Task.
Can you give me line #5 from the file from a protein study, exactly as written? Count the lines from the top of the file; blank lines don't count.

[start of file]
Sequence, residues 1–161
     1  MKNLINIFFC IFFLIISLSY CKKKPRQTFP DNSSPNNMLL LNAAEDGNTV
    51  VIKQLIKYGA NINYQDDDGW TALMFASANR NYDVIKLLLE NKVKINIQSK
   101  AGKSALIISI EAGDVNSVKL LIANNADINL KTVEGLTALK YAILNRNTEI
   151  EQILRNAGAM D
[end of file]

   151  EQILRNAGAM D